Anderson glad to be back sharing his wisdom (but only in the middle)
Wednesday 15 June 2011
Jimmy Anderson is almost unrecognisable from the diffident fast bowler who spent the first few years of his England career wondering whether he would ever feel fully confident and completely comfortable on the international stage. Almost, but not quite.
In one respect, Anderson has changed very little: he still struggles to express himself quite as fluently as he would like when confronted by a pack or cricket reporters, armed with tape recorders and questions. But at least he can laugh about that now, rather than retreating further into his shell.
The fact remains, anyone popping into the Rose Bowl yesterday and eavesdropping on what public relations people like to call a media opportunity might have found it difficult to appreciate that the chap being ever so gently grilled is not only seldom short of a word in the middle but has also become a leader of men.
"I'm a different bloke when I've not got these things [tape recorders] and you guys in front of me," said Anderson with a smile when asked to explain his personality changes. And so he is, clearly. It was obvious to everyone that England missed their most experienced bowler during the drawn Lord's Test. But, perhaps less evident, the side strain that prevented Anderson from facing Sri Lanka also deprived Stuart Broad, Chris Tremlett and Steve Finn of someone who has become a guiding light in the pace union.
Barring any late relapse, Anderson will be back to lead the attack into tomorrow's third and final match of this summer's opening series. And, far from feeling under pressure, the boy from Burnley will relish carrying that load.
"Having extra responsibility means I must set the tone when I take the first over," said Anderson. "I've got to lead from the front and set an example for other people to follow. That added responsibility and pressure has helped me to become more consistent."
Anderson has never been more consistent than he was during last winter's Ashes series. True, Alastair Cook earned most headlines for his wonderful impersonation of a run machine but 24 wickets from the ever present Anderson went a long, long way towards putting Australia in their place.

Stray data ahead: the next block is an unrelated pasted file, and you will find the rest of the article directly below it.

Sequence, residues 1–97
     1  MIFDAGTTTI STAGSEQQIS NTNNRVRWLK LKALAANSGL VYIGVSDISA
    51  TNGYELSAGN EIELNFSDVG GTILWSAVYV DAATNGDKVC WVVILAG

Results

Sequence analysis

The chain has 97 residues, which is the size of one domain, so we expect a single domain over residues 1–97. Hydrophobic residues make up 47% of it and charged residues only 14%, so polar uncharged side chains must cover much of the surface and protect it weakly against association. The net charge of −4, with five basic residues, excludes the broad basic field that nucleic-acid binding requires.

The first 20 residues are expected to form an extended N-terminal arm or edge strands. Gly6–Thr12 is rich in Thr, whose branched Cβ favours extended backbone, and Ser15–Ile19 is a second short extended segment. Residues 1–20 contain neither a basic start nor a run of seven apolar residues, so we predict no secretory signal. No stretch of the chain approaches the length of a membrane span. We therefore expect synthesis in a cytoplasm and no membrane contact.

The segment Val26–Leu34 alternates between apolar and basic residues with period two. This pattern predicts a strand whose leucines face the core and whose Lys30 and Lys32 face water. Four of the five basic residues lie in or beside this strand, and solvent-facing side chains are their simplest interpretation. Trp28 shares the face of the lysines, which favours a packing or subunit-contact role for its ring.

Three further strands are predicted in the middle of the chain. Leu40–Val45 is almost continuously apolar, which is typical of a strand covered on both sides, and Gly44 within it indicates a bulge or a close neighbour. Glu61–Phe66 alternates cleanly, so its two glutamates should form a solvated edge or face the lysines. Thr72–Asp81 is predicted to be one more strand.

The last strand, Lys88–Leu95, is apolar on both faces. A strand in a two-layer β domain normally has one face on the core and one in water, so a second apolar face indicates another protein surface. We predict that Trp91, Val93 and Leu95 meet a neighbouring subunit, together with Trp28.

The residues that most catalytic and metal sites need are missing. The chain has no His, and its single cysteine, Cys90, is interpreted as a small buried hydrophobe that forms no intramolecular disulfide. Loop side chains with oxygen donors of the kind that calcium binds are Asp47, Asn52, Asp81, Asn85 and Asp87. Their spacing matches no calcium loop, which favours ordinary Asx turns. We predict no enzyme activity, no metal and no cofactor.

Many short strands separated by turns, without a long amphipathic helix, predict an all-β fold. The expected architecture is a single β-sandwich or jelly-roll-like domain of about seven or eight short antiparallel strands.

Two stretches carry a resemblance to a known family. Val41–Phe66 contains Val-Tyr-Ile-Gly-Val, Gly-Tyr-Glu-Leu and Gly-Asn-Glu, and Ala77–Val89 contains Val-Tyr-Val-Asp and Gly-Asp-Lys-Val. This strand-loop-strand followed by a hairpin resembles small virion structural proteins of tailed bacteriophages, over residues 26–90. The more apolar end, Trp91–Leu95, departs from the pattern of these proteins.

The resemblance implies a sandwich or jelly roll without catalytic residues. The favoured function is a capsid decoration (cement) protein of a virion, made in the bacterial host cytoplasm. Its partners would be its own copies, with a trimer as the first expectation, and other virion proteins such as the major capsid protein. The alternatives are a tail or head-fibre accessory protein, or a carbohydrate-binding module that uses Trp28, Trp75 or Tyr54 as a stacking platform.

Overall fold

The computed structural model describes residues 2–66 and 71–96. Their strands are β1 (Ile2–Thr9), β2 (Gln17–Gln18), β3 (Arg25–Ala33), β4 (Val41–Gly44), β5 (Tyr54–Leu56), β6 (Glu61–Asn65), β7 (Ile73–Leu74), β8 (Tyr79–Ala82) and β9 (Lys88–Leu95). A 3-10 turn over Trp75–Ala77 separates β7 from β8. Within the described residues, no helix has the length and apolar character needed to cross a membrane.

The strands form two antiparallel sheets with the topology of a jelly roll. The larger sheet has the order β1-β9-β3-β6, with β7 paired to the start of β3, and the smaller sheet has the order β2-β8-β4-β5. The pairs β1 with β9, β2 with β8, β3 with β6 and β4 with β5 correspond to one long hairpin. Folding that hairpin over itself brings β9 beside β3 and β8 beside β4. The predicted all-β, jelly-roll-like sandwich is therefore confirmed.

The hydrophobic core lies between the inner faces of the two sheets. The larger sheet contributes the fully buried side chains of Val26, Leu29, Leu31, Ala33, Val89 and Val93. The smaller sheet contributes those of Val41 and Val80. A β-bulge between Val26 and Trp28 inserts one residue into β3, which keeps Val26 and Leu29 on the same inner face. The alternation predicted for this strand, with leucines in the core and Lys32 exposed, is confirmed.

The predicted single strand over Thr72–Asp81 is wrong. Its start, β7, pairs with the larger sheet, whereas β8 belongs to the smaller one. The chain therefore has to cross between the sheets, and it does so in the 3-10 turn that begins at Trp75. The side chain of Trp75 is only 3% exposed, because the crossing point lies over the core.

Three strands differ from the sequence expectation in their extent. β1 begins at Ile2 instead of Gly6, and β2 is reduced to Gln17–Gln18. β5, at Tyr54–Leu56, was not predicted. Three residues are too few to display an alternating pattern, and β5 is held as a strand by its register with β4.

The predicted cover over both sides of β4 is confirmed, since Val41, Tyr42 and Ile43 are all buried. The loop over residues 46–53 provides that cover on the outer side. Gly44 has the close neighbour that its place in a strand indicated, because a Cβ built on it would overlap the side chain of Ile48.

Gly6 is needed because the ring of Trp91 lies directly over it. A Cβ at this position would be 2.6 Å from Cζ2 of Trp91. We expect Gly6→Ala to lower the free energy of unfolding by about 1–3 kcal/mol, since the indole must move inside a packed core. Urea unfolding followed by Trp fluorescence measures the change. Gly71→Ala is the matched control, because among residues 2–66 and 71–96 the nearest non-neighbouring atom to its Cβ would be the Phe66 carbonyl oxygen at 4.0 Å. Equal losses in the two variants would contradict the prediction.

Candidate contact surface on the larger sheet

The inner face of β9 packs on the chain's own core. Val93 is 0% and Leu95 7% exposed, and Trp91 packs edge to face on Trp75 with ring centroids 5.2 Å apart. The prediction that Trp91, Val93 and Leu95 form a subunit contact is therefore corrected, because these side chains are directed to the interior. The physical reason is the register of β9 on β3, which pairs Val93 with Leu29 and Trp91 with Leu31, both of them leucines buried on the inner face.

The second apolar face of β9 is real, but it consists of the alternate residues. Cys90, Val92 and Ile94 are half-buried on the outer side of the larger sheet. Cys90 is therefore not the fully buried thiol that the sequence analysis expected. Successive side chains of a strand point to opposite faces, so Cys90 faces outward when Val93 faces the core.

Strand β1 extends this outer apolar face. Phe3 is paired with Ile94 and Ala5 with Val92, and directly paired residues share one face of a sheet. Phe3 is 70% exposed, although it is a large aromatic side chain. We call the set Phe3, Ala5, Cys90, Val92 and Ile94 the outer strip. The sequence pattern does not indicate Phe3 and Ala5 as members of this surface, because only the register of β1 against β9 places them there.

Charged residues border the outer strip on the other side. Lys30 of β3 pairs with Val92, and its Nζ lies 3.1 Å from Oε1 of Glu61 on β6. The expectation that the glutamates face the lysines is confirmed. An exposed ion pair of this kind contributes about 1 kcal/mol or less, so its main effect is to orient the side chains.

It was all a far cry from the days when Anderson toured as an understudy to the likes of Steve Harmison, Matthew Hogggard and Andrew Flintoff. If there had been a prize for bowling most balls at one stump on the edge of the square during lunch and tea intervals then he would have won it hands down.
The big breakthrough, especially psychologically, came during the 2008 tour of New Zealand. England dropped both Harmison and Hoggard after losing a Test in Hamilton, thrust Anderson into the firing line and have been reaping the benefits of that decisions pretty much ever since.
He had played 20 Tests before that, spread over five years, but never looked like a permanent fixture. Now, as Anderson prepares to win his 59th cap and aims to add to 215 wickets, there is no doubt about his importance to the side. Or his willingness to get stuck into the opposition with word and deed.
The England moment of the last 12 months, as voted for by users of a social networking site, was not the series-winning wicket in Australia or even Cook's double hundred at Brisbane but Anderson's verbal joust with Mitchell Johnson in Perth.
Not many innings go by without Anderson and an opposition batsman exchanging a few words. But, far from distracting England's senior bowler, those "debates" seem to galvanise him these days.
"In the past I often got quite emotional, lost concentration, got sucked into a battle with the opposition and not bowled very well," admitted Anderson. "What I've started to do over the last couple of years, and what I felt I did really well in Australia, was to be able to have a battle with the batsman but keep calm when it came to delivering the next ball."
It will be a surprise if Anderson does not have a few words to say to Sri Lanka at the Rose Bowl. But passing on a few words of wisdom to his bowling partners may be even more useful, especially if their radar goes awry like it did in London last week.
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